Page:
So that explains it then. Is it asking too much that our neighbours give us credit for independent thought, for having a separate history and cultural tradition, distinctive politics, and ambition? Why on earth is self-determination – part of the preamble to the United Nations charter – only comprehensible if it’s seen as rejection of someone else? Rather stunted, petty nationalistic thinking, wouldn’t you say?
Which brings up another point, best represented by Heffer. (I know you can dismiss his rantings as bigotry best ignored but if you add the circulations of the Mail, the Telegraph and Observer you have a few million readers.) It is this. He writes with such sadistic relish in trashing the Scots – and it is all Scots by the way, not just Nats…no escape here for Unionists – that he reveals what I think is a deeper truth. I think Heffer and his tribe actually enjoy the idea of subsidising the Scots. They derive real satisfaction from feeling they lord it over us and brush crumbs from their table.
A characteristic of the self-selecting British elite is an effortless assumption of superiority and an epic sense of entitlement, so that even when Britain is mired in one of the world’s worst debt crises – public and private – even when it is deeply uncompetitive, hopelessly unequal, dependent on one main income source, with a medieval parliament, they still believe – utterly – that they know best. Anything else is to be disparaged and derided and if you can add in a dash of ethnic inferiority you further bolster their self-esteem as the Chosen Ones.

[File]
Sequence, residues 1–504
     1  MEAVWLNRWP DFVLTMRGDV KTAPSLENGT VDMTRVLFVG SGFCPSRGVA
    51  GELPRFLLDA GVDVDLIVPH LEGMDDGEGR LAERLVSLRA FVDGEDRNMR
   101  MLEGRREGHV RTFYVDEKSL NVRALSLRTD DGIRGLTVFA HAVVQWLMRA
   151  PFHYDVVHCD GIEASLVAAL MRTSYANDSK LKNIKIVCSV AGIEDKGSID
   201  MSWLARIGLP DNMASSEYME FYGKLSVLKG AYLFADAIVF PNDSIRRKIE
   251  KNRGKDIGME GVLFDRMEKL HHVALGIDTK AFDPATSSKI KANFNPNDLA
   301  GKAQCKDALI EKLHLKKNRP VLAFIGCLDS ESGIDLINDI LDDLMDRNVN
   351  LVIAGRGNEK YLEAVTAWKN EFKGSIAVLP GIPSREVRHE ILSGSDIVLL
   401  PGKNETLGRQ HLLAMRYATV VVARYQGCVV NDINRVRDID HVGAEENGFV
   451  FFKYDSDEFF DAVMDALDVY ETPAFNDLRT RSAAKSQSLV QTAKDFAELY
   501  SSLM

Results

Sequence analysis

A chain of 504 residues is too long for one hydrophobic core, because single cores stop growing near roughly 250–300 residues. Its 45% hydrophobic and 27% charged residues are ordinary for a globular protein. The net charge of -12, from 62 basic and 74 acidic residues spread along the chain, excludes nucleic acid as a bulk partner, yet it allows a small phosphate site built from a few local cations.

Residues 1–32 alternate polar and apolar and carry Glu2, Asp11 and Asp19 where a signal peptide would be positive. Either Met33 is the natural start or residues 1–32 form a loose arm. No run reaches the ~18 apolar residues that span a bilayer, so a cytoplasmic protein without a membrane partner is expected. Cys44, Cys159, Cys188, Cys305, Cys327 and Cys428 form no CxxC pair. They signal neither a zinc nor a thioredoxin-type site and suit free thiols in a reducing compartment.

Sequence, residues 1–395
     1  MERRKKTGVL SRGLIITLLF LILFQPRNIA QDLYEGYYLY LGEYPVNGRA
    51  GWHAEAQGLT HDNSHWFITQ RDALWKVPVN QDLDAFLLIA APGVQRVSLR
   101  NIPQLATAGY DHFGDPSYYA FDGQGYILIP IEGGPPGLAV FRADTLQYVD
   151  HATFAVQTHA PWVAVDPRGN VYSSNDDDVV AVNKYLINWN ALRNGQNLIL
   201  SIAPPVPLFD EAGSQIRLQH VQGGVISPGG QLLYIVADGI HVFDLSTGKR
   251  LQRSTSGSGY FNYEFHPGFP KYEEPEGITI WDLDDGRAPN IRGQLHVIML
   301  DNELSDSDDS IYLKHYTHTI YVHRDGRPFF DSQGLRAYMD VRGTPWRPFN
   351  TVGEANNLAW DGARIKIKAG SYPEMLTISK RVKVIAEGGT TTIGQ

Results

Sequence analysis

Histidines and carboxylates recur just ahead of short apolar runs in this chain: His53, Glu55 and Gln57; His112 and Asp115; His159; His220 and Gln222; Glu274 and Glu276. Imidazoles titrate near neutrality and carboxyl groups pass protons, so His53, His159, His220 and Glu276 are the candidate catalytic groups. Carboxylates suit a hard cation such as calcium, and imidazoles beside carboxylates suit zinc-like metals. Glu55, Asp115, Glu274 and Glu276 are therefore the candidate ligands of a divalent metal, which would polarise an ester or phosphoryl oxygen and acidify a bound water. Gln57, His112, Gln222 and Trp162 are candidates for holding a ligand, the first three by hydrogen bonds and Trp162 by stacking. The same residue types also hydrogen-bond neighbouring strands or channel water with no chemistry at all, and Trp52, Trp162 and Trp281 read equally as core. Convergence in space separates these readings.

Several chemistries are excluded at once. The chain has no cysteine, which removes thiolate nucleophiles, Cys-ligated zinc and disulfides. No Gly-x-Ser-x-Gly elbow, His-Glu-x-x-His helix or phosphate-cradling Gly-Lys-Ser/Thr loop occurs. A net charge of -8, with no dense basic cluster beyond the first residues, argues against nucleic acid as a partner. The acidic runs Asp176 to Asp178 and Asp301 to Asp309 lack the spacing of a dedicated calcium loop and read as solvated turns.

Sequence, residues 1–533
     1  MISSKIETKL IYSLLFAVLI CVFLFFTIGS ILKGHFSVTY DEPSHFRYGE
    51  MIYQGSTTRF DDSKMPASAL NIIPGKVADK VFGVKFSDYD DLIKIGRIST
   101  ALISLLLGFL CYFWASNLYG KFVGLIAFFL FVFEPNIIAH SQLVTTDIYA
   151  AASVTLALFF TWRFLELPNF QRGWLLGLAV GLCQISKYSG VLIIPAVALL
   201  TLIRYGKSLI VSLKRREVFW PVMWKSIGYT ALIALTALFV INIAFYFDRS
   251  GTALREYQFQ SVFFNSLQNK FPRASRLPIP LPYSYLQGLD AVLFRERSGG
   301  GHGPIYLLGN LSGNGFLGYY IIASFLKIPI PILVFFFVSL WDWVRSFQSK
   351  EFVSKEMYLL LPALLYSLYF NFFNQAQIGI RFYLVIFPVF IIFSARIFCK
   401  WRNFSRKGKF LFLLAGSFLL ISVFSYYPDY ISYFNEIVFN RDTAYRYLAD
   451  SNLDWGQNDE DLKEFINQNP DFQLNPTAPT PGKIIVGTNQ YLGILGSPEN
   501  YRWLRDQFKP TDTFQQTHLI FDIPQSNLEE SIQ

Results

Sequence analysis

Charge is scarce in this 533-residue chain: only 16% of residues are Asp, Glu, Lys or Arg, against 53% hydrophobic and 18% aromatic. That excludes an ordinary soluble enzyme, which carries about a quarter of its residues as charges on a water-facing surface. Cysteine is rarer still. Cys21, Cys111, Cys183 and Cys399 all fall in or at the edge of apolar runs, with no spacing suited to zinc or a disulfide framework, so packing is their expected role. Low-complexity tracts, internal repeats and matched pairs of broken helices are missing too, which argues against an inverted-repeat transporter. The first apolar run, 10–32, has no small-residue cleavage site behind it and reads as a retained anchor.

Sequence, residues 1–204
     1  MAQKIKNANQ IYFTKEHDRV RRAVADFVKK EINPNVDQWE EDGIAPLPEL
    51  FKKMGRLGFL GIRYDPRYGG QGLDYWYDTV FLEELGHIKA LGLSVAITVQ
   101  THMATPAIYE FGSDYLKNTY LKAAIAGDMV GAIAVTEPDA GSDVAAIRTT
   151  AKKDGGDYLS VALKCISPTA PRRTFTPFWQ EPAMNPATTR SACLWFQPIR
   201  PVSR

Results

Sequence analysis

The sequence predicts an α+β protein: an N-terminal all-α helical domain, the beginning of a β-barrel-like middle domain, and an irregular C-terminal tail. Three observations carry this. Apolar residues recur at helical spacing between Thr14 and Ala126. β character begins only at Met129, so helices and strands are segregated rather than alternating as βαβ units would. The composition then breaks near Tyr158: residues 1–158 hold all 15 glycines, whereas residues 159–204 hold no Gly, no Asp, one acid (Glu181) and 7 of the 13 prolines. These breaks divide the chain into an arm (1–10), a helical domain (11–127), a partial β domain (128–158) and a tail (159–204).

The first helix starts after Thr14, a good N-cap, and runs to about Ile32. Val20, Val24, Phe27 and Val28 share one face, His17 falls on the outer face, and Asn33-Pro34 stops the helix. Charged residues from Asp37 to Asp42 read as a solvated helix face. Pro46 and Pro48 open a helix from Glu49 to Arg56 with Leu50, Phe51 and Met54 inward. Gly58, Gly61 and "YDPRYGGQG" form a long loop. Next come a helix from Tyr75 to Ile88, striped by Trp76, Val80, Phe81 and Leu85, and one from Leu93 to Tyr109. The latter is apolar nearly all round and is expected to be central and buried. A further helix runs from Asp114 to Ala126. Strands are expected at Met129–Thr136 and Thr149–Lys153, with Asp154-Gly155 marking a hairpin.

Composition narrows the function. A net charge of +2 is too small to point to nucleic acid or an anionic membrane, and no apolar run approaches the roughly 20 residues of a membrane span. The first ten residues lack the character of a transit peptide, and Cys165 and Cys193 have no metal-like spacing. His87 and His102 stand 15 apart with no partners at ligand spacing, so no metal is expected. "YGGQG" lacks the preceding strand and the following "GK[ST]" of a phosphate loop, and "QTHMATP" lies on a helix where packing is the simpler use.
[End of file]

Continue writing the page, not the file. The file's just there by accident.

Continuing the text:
Here’s a thought. Why do Scottish Unionists never stand up and condemn this kind of anti-Scottish and indeed, anti-Union, ranting? Douglas Alexander is in the papers warning of the dangers of nationalism. I know. He means Scottish nationalism but is it acceptable for those like Douglas who present themselves as thinkers and leaders to stay silent when those who pretend to be on his side damage his cause and insult his constituents with their British nationalism?
Wouldn’t it do him a lot of good in the eyes of all Scots to condemn anyone who writes off his nation and accuses a movement which contains a fair number of his own natural supporters of being racists? Where are you, Douglas? Do you agree with Heffer and Gilligan?
One of the unreported moments from our day on the hill was the speaker who said explicitly that anyone of any nationality was one of us, a fellow Scot, that all were welcome. It got one of the biggest cheers of the day.
Here’s a challenge, Douglas. Could you stand up at the Labour conference and say the same. Could you say people of all backgrounds are welcome in our country – Britain – as equals with equal rights? Would delegates cheer as they did on the hill or would you be met by silence, then whispering from the advisers and hysterical, racist headlines followed by demotion?
The rise of UKIP and a glance at the rapidly developing anti immigrant agenda of the Coalition and Labour points an accusing finger at the real petty nationalists and quasi racists in modern Britain.
Courtesy of Derek Bateman